Digging the Big Ditch

A Review of "How Wall Street Created a Nation: J.P. Morgan, Teddy Roosevelt, and the Panama Canal"

The following book review will appear in the September 2002 issue of Ideas on Liberty, the monthly journal of the Foundation for Economic Education in Irvington, New York.

How Wall Street Created a Nation: J.P. Morgan, Teddy Roosevelt, and the Panama Canal
By Ovidio Diaz Espino
New York: Four Walls Eight Windows, 2001
254 pages

When traveling from the Atlantic Ocean entrance of the Panama Canal to the canal’s exit into the Pacific Ocean at its other end, what direction are you going?

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Most Americans would undoubtedly respond, “That’s easy. It’s east to west.” But they would be dead wrong. Check a map. The peculiar shape of the isthmus of Panama and the cut of the canal across it clearly make the journey a west to east one or, to be more precise, a 51-mile trip from the northwest to the southeast.

If the author of a new and revisionist history of the Panama Canal is correct, geography isn’t the only thing about the Big Ditch that Americans typically don’t know. Ovidio Diaz Espino’s account of the political intrigue and treachery that made a few people a lot of money certainly isn’t standard fare in the history books. Instead, we’re taught that the swashbuckling visionary Teddy Roosevelt rushed to the aid of freedom-fighters in Panama, helped them secure their independence from Colombia, and then led the building of the Canal in just the right spot. How smart and magnanimous of him!

To be sure, history texts often offer a quick reference to TR playing fast and loose with the Colombians but they also usually wink at it and move on. What’s wrong with a little gunboat diplomacy if that’s what it takes to get those selfish, backward Latin Americans to get in line? Great ventures for the good of all require a little bending of the rules now and then, so we’re told.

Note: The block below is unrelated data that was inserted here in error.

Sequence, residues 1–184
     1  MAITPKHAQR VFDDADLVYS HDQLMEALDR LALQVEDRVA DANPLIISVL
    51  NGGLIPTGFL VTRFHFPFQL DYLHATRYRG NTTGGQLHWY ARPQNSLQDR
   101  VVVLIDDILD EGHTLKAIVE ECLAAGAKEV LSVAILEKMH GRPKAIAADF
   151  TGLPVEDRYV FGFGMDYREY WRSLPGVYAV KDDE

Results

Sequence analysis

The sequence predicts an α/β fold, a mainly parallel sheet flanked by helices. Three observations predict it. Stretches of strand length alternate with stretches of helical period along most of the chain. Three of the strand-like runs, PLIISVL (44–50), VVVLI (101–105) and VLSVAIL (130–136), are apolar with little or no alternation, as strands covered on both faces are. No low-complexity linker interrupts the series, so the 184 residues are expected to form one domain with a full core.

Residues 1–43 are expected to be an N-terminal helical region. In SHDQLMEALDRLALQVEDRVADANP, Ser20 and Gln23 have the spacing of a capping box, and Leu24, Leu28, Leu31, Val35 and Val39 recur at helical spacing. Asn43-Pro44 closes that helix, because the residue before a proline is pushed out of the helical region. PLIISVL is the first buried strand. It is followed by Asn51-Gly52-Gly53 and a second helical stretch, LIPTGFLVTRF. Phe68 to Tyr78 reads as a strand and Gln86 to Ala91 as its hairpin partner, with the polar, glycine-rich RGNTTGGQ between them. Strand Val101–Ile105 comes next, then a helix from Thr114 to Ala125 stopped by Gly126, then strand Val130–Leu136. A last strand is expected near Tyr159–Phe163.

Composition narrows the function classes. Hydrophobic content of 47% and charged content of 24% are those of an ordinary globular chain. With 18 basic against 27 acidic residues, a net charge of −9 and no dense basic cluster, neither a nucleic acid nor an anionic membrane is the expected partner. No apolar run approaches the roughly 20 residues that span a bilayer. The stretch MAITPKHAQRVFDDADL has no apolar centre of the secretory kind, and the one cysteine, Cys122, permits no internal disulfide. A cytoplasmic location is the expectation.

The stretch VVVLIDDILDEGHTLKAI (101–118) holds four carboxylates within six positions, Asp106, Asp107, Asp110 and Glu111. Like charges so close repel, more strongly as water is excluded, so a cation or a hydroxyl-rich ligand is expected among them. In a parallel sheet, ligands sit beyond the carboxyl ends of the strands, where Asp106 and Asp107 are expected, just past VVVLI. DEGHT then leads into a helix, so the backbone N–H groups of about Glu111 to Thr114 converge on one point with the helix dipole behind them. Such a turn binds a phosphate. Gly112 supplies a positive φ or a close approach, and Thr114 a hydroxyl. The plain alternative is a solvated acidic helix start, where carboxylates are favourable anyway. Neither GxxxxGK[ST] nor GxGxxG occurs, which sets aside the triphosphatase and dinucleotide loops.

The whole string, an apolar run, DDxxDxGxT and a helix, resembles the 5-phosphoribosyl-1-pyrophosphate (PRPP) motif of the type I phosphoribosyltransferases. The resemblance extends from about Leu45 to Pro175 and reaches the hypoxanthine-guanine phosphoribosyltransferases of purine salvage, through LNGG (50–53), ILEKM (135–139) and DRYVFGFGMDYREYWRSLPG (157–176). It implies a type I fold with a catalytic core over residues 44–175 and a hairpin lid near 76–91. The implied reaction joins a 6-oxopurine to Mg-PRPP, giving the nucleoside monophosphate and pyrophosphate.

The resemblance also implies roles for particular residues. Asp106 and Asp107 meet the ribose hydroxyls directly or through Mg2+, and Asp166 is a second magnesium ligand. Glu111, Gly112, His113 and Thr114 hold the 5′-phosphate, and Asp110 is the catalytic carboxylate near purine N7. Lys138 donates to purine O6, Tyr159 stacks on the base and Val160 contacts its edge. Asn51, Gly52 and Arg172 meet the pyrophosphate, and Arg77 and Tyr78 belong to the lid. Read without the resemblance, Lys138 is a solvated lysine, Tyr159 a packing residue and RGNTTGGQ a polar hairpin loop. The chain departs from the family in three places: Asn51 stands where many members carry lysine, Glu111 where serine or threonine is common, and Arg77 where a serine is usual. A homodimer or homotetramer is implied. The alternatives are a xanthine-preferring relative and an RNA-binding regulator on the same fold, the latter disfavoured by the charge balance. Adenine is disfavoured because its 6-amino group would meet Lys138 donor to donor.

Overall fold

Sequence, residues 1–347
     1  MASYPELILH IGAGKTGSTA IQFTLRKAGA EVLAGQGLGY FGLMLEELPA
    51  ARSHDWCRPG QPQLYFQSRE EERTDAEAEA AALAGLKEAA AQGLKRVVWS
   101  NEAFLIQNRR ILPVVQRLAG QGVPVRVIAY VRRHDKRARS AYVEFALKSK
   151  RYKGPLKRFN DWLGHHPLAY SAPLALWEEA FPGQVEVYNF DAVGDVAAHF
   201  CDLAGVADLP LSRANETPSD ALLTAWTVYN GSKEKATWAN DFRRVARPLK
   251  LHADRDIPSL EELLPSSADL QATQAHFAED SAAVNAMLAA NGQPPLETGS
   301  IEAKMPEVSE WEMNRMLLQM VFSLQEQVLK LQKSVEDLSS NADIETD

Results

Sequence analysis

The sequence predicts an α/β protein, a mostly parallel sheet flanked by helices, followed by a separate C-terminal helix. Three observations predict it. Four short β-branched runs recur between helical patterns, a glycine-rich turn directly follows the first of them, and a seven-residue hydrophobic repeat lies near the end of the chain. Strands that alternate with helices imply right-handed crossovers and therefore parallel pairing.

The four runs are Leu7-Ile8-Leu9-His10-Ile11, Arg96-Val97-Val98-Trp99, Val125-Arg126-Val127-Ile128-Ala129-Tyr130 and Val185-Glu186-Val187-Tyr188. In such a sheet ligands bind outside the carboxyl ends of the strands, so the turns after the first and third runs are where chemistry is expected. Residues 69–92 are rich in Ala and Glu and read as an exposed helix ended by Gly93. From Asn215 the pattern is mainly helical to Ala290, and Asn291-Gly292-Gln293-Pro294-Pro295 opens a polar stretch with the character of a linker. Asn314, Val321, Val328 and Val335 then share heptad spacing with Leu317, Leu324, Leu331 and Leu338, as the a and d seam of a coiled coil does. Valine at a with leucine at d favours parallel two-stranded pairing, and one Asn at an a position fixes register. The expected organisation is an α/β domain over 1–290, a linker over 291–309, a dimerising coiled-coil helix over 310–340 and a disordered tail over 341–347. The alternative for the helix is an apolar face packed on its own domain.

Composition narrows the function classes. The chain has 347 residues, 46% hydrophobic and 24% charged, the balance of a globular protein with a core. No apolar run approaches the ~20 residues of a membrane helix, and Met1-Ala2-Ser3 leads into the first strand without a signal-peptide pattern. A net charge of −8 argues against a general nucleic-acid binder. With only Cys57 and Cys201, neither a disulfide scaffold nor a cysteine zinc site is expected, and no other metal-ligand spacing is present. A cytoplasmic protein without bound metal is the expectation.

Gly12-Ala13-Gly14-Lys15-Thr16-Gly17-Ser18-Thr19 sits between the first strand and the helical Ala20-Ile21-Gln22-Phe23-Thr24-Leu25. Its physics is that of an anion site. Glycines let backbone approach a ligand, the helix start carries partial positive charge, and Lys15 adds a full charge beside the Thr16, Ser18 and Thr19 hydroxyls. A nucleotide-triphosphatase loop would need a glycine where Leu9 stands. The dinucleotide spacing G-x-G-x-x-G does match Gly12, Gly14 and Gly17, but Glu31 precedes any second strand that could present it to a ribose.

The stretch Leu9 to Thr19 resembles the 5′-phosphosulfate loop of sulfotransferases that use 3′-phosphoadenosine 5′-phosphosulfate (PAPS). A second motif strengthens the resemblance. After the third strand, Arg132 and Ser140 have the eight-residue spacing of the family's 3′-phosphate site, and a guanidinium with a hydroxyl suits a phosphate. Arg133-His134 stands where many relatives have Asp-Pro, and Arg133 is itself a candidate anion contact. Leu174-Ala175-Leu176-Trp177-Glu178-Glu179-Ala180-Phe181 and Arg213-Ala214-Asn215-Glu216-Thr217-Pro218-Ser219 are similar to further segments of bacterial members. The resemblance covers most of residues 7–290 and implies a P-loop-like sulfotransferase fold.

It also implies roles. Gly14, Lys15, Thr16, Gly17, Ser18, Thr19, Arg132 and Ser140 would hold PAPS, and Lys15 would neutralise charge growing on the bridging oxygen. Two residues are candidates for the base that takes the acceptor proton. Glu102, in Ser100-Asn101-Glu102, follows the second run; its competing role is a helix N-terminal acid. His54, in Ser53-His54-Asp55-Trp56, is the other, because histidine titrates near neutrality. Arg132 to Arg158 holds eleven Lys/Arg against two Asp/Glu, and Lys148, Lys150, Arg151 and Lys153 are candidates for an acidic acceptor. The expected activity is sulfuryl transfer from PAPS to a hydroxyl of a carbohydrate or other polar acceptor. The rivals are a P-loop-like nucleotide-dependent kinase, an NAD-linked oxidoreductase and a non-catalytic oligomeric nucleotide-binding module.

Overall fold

Like other schoolchildren growing up in Panama in the 1960s, Espino was told the struggle of Panamanian patriots that TR helped. But it was years later as a lawyer for J.P. Morgan in New York City that he first learned of a very different perspective. At a Christmas party, he was introduced to a screenwriter named Webster Stone who asked a startling question, “Did you know that your country was conceived in Room 1162 of the Waldorf Astoria?” Stone’s revelation would plunge Espino into a four-year investigation that culminated in this book.

The French, of course, were the first to attempt a Panamanian canal in an ill-fated venture that collapsed in failure in 1889. Shares of Ferdinand de Lesseps’ company languished nearly worthless as its equipment rusted in the Panamanian jungle, but the rights to build a canal there were another matter. Won from Colombia (Panama was just a Colombian province back then), they could be worth a fortune—but only if the United States entered the picture and took up where the French left off.

The U.S. government had long favored the idea of a canal somewhere in Central America. Ships headed to California from East Coast ports had to make the long and dangerous voyage around Cape Horn. Or, shippers steamed to Caribbean ports in Central America, unloaded their cargo for transport overland, and then re-loaded them on different vessels on the Pacific side—still a costly endeavor. When the French adventure collapsed, it was only a matter of time before the U.S. got involved. But while a consortium of Wall Street financiers schemed to buy the rights to a Panamanian canal for a song and sell them to the U.S. at a huge profit, a roadblock called Nicaragua stood in their way.